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In physics, cryogenics is the study of the production of very low temperature (below −150 °C, −238 °F or 123 K) and the behavior of materials at those temperatures. A person who studies elements that have been subjected to extremely cold temperatures is called a cryogenicist. Rather than the relative temperature scales of Celsius and Fahrenheit, cryogenicists use the absolute temperature scales. These are Kelvin (SI units) or Rankine scale (Imperial & US units). The term cryogenics is often mistakenly used in fiction and popular culture to the very different cryonics.
Definitions and distinctions
- The branches of physics and engineering that involve the study of very low temperatures, how to produce them, and how materials behave at those temperatures.
- The branch of biology involving the study of the effects of low temperatures on organisms (most often for the purpose of achieving cryopreservation).
- The branch of surgery applying very low temperatures (down to -196 °C) to destroy malignant tissue, e.g. cancer cells.
- The emerging medical technology of cryopreserving humans and animals with the intention of future revival. Researchers in the field seek to apply the results of many sciences, including cryobiology, cryogenics, rheology, emergency medicine, etc. "Cryogenics" is sometimes erroneously used to mean "Cryonics" in popular culture and the press.
- The practical application of cryoelectronics.
The word cryogenics stems from Greek and means "the production of freezing cold"; however, the term is used today as a synonym for the low-temperature state. It is not well-defined at what point on the temperature scale refrigeration ends and cryogenics begins, but most scientists assume it starts at or below -150 °C or 123 K (about -240 °F). The National Institute of Standards and Technology at Boulder, Colorado has chosen to consider the field of cryogenics as that involving temperatures below −180 °C (-292 °F or 93.15 K). This is a logical dividing line, since the normal boiling points of the so-called permanent gases (such as helium, hydrogen, neon, nitrogen, oxygen, and normal air) lie below −180 °C while the Freon refrigerants, hydrogen sulfide, and other common refrigerants have boiling points above −180 °C.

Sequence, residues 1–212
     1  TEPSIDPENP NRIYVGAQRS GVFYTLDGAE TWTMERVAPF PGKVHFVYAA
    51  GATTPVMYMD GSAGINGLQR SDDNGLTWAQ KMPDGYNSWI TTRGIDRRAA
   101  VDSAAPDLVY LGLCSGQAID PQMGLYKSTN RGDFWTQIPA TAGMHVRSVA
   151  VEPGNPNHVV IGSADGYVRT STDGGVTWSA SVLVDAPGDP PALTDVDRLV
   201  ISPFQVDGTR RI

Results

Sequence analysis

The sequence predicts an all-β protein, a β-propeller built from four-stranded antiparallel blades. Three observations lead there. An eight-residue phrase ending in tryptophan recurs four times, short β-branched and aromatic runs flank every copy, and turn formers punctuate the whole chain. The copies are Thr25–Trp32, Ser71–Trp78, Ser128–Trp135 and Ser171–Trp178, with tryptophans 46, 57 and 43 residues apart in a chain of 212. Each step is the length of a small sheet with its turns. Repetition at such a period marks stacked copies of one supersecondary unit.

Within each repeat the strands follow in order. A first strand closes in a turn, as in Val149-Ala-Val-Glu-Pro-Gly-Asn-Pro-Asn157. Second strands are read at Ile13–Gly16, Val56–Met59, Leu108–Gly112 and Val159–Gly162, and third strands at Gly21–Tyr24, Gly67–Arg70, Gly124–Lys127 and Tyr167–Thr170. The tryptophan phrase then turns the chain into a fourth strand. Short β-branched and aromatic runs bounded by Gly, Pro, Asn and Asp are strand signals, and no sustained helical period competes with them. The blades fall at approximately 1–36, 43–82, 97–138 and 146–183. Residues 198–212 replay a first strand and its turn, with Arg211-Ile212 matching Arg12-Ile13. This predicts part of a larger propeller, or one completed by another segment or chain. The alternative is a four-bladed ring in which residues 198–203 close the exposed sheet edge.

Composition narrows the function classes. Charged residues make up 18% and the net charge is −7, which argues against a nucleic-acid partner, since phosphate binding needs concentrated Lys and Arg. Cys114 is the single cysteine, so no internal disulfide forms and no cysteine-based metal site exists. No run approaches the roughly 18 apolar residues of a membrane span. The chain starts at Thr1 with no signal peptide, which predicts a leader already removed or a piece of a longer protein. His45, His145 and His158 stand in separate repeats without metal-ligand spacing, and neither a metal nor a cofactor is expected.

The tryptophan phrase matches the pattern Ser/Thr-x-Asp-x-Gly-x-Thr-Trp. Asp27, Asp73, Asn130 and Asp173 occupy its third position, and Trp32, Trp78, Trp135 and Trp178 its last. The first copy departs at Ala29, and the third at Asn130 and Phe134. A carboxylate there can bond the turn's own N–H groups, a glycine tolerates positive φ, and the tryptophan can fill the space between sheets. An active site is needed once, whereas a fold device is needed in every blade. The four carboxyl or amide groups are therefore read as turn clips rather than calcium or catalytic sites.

Liquefied gases, such as liquid nitrogen and liquid helium, are used in many cryogenic applications. Liquid nitrogen is the most commonly used element in cryogenics and is legally purchasable around the world. Liquid helium is also commonly used and allows for the lowest attainable temperatures to be reached.
These liquids are held in either special containers known as Dewar flasks, which are generally about six feet tall (1.8 m) and three feet (91.5 cm) in diameter, or giant tanks in larger commercial operations. Dewar flasks are named after their inventor, James Dewar, the man who first liquefied hydrogen. Museums typically display smaller vacuum flasks fitted in a protective casing.